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Minister says councils allowed to engage debt collectors to recover dues

Local authorities should find measures to entice their debtors to pay and improve their income using available revenue sources so they can be able to provide basic services as well as pay employees who are going for months without salaries, Local Government, Public Works and National Housing Minister July Moyo has said.

Local Government, Public Works and National Housing Minister, July Moyo
Local Government, Public Works and National Housing Minister, July Moyo

Most local authorities are failing to pay workers and provide basic services as they are owed millions by business, residents and Government.

Revenue sources for local authorities include but not limited to real estate tax on commercial buildings, rates, land lease charges, land tax, building fees, licences and market place fees.

Local government experts say there are not many sustainable options for funding outside of the traditional rates and for now councils can only right size, improve operational efficiency, improve billing accuracy and debt collection.

Addressing Parliament during a question and answer segment on Wednesday, Minister Moyo said local authorities are entitled to come up with ways of raising revenue like engaging debt collectors and offering discounts to residents.

“The local authority has the power to find measures that will entice their debtors to pay. Others have engaged debt collectors and some have cut the debts but that is done by the council. When the council sits as a council, they can come up with measures on their own, not because there is Government policy that mandates them to do that,” he said.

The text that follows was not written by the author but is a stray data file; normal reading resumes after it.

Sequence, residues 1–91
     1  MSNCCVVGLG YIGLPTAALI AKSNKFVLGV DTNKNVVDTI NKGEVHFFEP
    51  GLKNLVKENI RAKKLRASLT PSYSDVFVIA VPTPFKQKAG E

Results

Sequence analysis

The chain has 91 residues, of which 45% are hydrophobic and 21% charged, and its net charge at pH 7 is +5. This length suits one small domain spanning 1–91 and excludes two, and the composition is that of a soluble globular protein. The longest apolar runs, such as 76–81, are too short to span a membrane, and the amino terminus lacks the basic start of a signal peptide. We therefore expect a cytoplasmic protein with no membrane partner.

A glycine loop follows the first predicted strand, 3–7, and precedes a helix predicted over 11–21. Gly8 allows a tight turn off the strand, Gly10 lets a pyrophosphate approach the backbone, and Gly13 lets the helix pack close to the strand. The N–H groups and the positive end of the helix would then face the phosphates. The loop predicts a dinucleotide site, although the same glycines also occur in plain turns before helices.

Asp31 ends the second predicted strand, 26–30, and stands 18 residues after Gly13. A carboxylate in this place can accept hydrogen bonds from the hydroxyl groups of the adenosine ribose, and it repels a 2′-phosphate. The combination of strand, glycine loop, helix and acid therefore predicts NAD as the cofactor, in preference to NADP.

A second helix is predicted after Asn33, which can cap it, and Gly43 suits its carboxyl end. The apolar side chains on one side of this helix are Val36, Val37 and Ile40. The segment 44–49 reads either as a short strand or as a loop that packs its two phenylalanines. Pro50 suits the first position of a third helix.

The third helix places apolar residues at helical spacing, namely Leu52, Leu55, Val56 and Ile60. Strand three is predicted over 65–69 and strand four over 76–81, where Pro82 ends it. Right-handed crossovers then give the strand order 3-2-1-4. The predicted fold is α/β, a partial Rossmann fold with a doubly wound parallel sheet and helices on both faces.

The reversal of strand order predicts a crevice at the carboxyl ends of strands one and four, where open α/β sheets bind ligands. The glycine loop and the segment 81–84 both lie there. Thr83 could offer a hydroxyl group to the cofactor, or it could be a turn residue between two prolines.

“Yesterday (Tuesday), I had a meeting with the treasurers of all urban local authorities, 32 of them. What we realised is that the councillors — and we know what the councillors are like — they do not understand where the money that they use should come from. I also realised that the treasurers were also not implementing the policy concerning money that should be used by local authorities and used in what way.”

Minister Moyo was responding to questions from Buhera South legislator Cde Joseph Chinotimba who wanted to know if the Minister was aware that local government employees were going for months without pay and Kwekwe Central MP Masango Matambanadzo, who wanted to know the fate of residents who did not benefit from discount offers.

Minister Moyo added that Government expects those working for local authorities to be paid on time but local authorities were failing to do so hence Government was engaging them in an effort to consider how they were getting their revenue and what they use it for.

“We are in the process of trying to come to an understanding as to how sources of revenue should be used. That is what will enable them to pay their workers on time. Currently, most of the local authorities, Harare included, are behind in terms of payment of salaries to employees.

“We want all of them to revisit their budgets and if they see it as a challenge they should come up with supplementary budgets to ensure that the employees are remunerated timeously. If Government had money it could assist local authorities that would be struggling but currently Government does not have finances, so it cannot give the local authorities that assistance.”

Renowned town planner and local governance expert Dr Percy Toriro said there are not many sustainable options for local government funding outside of the traditional rates, fees and charges among others.

“I have heard suggestions that councils can make money from businesses. This happened in the past with beer selling when the sector was a monopoly. Current economic reality does not give many options,” he said. The Chronicle

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